Rheumatoid arthritis (RA) is an autoimmune disease that has a host of debilitating symptoms, including fatigue, joint pain, swelling, and stiffness of affected joints. With RA, the immune system attacks the body's own joint tissues, resulting in inflammation, which can cause progressive damage to affected joints. The inflammation caused by RA usually affects specific joints and organs and sometimes causes skin and tendon problems. Two common areas affected by RA are the hands and feet, which can develop joint contractures and deformity over time. RA symptoms and effects on the body will vary from one person to the next -- some RA sufferers may develop joint problems to more of a degree than others.
Foot Problems That Can Occur with Rheumatoid Arthritis
- Joint Damage
When RA flares up, the fluid within a joint and the joint lining, known as the synovium, becomes acutely inflamed (synovitis). This inflammation is what causes the characteristic RA symptoms: a warm and swollen joint.
What distinguishes RA from the more common osteoarthritis (OA) is that multiple joints are usually affected at the same time with RA and the joint symptoms are generally symmetrical, occurring on both sides of the body equally. Another feature that distinguishes RA from OA is the tendency for RA to cause a longer period of morning stiffness. An RA sufferer will often experience stiffness in affected joints for 1-2 hours after awakening, compared with an OA sufferer, whose joint stiffness may diminish after a few minutes of stretching or motion in the morning.
When it come to the feet, RA typically affects the metatarsophalangeal (MTP) joints of the toes, resulting in a gradual deformity of the toes on both feet. Subsequent flares and chronic inflammation may cause progressive damage to joint structures, eroding cartilage and bone, which results in decreased range of motion and joint deformity. When RA persistently affects the MTP joints of the feet, a gradual outward (lateral) shift in the toes can occur. This causes both feet to develop bunions (hallux valgus). The shifting of the forefoot and loss of stability also causes toe contractures, such as hammertoes. Toe contractures and changes in toe joint flexibility will often lead to calluses and pain beneath the ball of the foot. All of these changes to a foot's structure and shape can make finding a comfortable shoe more difficult for an RA sufferer.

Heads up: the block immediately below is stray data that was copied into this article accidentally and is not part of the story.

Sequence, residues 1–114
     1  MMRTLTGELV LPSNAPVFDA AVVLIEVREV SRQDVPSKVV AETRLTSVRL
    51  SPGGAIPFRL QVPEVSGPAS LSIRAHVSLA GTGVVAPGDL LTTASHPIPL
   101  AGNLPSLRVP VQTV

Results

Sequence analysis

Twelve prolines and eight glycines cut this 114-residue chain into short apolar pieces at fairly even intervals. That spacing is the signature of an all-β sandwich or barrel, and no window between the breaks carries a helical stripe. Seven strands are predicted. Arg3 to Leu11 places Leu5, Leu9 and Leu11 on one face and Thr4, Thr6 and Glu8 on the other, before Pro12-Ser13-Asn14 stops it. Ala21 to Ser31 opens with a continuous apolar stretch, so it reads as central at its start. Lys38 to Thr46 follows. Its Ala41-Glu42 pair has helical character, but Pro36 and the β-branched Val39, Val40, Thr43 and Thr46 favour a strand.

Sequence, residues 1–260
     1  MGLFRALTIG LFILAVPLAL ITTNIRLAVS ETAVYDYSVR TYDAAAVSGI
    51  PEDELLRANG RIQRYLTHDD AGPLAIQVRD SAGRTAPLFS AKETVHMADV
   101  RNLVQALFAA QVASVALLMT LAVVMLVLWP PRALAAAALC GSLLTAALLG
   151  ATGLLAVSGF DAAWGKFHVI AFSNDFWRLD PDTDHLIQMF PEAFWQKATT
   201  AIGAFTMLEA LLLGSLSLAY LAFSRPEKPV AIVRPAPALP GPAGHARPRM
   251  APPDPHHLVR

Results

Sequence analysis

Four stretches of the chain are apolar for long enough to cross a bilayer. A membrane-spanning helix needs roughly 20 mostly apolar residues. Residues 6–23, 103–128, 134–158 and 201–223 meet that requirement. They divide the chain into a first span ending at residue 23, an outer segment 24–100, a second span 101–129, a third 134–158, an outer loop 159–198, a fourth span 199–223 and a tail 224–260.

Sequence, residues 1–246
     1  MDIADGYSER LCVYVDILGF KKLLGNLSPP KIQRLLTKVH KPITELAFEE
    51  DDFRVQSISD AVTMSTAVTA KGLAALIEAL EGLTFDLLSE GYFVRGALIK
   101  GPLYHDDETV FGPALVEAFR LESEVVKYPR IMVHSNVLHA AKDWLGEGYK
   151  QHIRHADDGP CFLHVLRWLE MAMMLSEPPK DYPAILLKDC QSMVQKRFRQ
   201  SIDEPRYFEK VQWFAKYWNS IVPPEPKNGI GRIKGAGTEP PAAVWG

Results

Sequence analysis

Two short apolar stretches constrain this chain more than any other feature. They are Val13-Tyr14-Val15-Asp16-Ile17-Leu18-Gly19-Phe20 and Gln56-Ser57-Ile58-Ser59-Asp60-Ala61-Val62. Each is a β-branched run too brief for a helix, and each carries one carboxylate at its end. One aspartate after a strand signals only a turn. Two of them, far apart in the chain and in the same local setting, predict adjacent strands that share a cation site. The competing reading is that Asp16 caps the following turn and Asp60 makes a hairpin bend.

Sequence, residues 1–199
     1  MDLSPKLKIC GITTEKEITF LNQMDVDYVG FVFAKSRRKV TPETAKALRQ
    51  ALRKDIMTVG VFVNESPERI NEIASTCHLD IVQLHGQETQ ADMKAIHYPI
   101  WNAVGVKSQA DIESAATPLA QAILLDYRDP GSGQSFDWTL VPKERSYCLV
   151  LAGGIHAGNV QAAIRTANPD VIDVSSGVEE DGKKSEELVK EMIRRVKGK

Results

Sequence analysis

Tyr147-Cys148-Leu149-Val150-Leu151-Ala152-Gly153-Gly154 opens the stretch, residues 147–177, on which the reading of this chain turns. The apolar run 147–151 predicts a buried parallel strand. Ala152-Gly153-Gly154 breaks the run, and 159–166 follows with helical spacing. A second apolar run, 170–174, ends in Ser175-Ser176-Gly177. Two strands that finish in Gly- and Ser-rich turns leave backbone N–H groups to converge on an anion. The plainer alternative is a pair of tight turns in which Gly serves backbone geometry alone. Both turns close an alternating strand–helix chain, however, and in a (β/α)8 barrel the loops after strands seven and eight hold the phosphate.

Other joints of the foot that can be affected by RA are the ankle joint and the talonavicular joint, which is part of the foot's arch. When the talonavicular joint is affected, the foot can become destabilized and flat feet (pes planus) can develop.
- Heel Pain
Heel pain is a common recurring problem for RA sufferers and can occur at the back of the heel or on the underside. Conditions associated with heel pain include plantar fasciitis (heel spur syndrome), Achilles tendonitis, and retrocalcaneal bursitis. Retrocalcaneal bursitis occurs when a fluid-filled sac (bursa) behind the heel bone becomes inflamed, causing pain and swelling.
- Nerve entrapments
RA causes inflammation of joint lining (synovitis) and fluid, which are present in joints and surround certain tendons. The swelling that occurs with synovitis can compress nerves, causing symptoms of a pinched nerve, also known as a nerve entrapment. One common nerve entrapment in the foot is called tarsal tunnel syndrome. Symptoms of tarsal tunnel syndrome include burning, tingling, or shooting pain in the area of the foot's arch and sole.
- Skin Problems
Some RA sufferers may develop rheumatoid nodules. A rheumatoid nodule appears as a lump beneath the skin, usually over a bony prominence or tendon. In the foot, a rheumatoid nodule may appear over the Achilles tendon or on the side of the big toe if a bunion (hallux valgus) is present.
The inflammation associated with RA can affect small blood vessels, which in turn can cause certain skin manifestations, including rashes or wounds on the lower legs. Another skin finding associated with RA is splinter hemorrhages, which are small areas of broken blood vessels that are usually seen on the sides of fingernails or toenails.
Dockery, DPM, Gary L. and Crawford, DPM, Mary Elizabeth (Ed.). Cutaneous Disorders of the Lower Extremity. Philadelphia: W.B. Saunders, 1997. 193-194.
Schumacher, Jr., MD, H. Ralph, Ed, Klippel, MD, John H., Assoc. Ed, and William J. Koopman, MD, Assoc. Ed. Primer on the Rheumatic Diseases. Tenth Ed. Atlanta: Arthritis Foundation, 1993; 209-215. 93-94.